To explain in greater detail: Brand keywords generally have the best performance and the highest quality score, as they are most directly relevant to the content on the site and the place a user searching for a brand term is most likely to click. As a result, they have low CPCs, high CTRs, and lead to great account history. All the benefits of their strong performance serve to lower the CPCs of all the keywords and ads in their campaign.

Competitive or conquesting keywords tend to perform the least well. The opposite of brand terms, they are the least relevant to a site’s content, and searchers are least likely to click on them. Consequently, their low quality score and poor performance history can (and will) hurt whichever campaign and account contains them.

So mitigate the damage by putting competitive keywords and brand keywords in separate campaigns from one another. The strong performance of the brand keywords will continue to help them, driving the CPC down further, while not being tainted by the poor performance of the competitive keywords.

Generic or Non-Brand keywords are generally more expensive than brand terms. They are more plentiful and competition on the terms is greater. In addition, the budget for non-brand keywords may be different from the budget for brand keywords. Given all of the above, it is again best to separate the generic keywords into their own campaigns.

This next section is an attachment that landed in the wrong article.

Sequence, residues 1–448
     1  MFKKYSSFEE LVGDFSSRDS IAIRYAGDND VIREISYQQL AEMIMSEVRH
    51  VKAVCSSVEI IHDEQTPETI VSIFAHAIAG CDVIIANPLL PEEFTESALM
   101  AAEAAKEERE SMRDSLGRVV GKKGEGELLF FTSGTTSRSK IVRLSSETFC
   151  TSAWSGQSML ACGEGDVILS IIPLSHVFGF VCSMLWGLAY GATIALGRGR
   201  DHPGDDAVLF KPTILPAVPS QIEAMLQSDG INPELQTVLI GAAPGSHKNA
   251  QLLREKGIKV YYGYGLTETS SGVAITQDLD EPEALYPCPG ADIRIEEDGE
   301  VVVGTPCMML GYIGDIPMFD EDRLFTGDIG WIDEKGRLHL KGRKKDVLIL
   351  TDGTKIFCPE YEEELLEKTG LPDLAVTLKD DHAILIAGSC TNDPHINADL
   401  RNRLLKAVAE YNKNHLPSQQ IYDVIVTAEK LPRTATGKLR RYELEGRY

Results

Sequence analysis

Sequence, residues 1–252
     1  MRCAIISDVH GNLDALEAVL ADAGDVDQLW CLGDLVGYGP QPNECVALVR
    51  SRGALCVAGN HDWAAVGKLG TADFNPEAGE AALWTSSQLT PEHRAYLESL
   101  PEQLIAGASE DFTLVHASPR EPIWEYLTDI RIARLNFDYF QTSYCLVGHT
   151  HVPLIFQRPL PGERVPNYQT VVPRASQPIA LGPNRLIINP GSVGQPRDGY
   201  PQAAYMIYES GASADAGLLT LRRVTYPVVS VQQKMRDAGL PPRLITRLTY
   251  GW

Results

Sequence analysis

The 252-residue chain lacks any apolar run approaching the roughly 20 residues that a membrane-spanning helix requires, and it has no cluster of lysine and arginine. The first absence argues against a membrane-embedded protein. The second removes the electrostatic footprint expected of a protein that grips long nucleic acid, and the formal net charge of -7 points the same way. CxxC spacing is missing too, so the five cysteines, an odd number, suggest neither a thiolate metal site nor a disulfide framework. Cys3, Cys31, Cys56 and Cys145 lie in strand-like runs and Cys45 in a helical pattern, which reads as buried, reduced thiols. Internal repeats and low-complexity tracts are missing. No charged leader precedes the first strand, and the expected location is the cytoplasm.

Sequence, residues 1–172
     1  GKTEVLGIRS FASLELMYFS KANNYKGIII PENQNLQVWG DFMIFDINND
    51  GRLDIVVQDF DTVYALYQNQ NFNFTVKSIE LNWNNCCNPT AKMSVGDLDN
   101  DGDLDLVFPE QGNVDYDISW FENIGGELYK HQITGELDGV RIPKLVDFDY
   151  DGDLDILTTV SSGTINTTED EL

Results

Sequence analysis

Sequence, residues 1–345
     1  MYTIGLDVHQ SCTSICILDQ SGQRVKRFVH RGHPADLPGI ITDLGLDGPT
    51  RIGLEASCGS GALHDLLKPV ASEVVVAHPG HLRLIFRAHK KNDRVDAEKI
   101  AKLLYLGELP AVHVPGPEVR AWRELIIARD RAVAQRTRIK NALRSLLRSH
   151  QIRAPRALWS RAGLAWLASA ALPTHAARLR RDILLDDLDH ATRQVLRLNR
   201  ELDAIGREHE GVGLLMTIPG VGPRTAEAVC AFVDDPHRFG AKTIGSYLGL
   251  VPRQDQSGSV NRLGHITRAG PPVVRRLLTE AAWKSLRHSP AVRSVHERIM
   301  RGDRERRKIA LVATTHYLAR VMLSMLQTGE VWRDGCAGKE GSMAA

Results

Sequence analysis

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Background: The Four Different Types of Keywords

June 11, 2012
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Not only are there a variety of keyword match types, but there are also different types or categories of keywords that are commonly used to help classify the different keywords within an account. Understanding the four different types of keywords will make it much easier to understand and plan the strategy for an account.

The different types of keywords, their definitions, and examples are as follows:

Brand Keywords – Brand keywords are keywords that contain the advertisers brand name (or brand terms, such as a slogan or trademark).

ex. Digital4startups

Non-Brand or Generic Keywords – Non-Brand keywords, also known as Generic keywords, do not contain the company’s brand term in them, nor do they contain the brand name of any other companies. These are generally the higher volume keywords.

ex. Digital marketing, search marketing, learn digital marketing

Conquesting Keywords – Conquesting keywords are keywords that contain a competitors name, product number/model, slogan, or anything else that would be immediately identified as being a competitor’s. More information on conquesting keywords.

ex. Search Engine Land, Google Adwords

Long-Tail Keywords – Long-Tail keywords are keywords containing 3 or more words that are lower volume terms. However, if a user were to search for one of these queries, the content being provided would likely be relevant to them. Long-tail keywords can include keywords for a specific article, media mention, or product. Long-tail keywords can overlap with any of the other keyword types.

ex. different types of keywords, adwords keyword match types, how to learn digital marketing best practices